C. S. Lewis on “Christian Apologetics” -- By: Mark Hamilton
ATJ 35 (2003) p. 83
C. S. Lewis on “Christian Apologetics”
Mark Hamilton (MA, MA, DMin from ATS) is Associate Professor of Philosophy at Ashland University.
In 1945 C.S. Lewis delivered a speech to a group of Anglican Church pastors and youth leaders in Wales on the topic of Christian Apologetics and this lecture is printed in God in the Dock: Essays on Theology and Ethics, edited by Walter Hooper (Grand Rapids: Eerdmans, 1970) 89-103 under the title of “Christian Apologetics.” Many of the points Lewis makes in his lecture to this audience are quite timeless. Church leaders and pastors who work on the frontlines of Christian ministry today would be wise to heed his directives for practical apologetics.
Lewis begins by telling them that they must know what it is that is being defended, and that clear boundary lines must be drawn as to what is within the definition of Christian doctrine defined as “the faith preached by the Apostles, attested by the Martyrs, embodied in the Creeds, expounded by the Fathers” (90). Without boundaries it would be impossible to defend the Faith for no one would know what they are defending. Apologists should make a clear distinction between this historical faith and their own opinions. One must even face up to those doctrines that one is uncomfortable with because it is not about what we like but about what is true (Lewis himself disliked the doctrine of eternal hell, but considered it to be a part of Christian truth). The modern audience must be convinced that the apologist is defending Christianity not because it is liked or good, but rather because it is objective fact, because it is true (91). This has radical implications for our postmodern relativistic age that rejects all claims to truth.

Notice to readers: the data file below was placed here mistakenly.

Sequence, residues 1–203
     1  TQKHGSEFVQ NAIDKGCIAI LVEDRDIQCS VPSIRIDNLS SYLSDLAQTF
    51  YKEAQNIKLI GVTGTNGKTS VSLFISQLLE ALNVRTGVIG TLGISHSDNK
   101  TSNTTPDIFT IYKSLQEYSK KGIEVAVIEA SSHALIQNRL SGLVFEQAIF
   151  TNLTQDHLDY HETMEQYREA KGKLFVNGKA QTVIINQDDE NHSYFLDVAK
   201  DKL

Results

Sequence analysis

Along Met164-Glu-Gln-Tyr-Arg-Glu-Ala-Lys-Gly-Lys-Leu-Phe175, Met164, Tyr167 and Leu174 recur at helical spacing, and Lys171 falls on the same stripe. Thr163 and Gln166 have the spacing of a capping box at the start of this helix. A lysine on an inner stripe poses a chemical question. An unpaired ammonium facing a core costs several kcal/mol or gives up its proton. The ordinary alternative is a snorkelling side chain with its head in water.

In the Apologist’s private studying, Lewis believes there are two areas to keep up on: the “recent movements in theology,” and whether there is influence by all the “winds of doctrine” (91). Lewis is greatly concerned that the contemporary church not be compromised by these new theological movements. The Apologist studies and reviews the standard of permanent Christianity through reading “old books”, assuming these to be Christian classics, so he might possess the tools to recognize and confront the error of the new theological trends. This is so the apologist is not stirred by the winds of fashion and keeps clear the “standard by which we must test all contemporary thought” (92). What are those new recent movements in theology and how are we challenging them? Do we understand the traditional faith well enough to defend it and to distinguish it from those recent movements as they arise?
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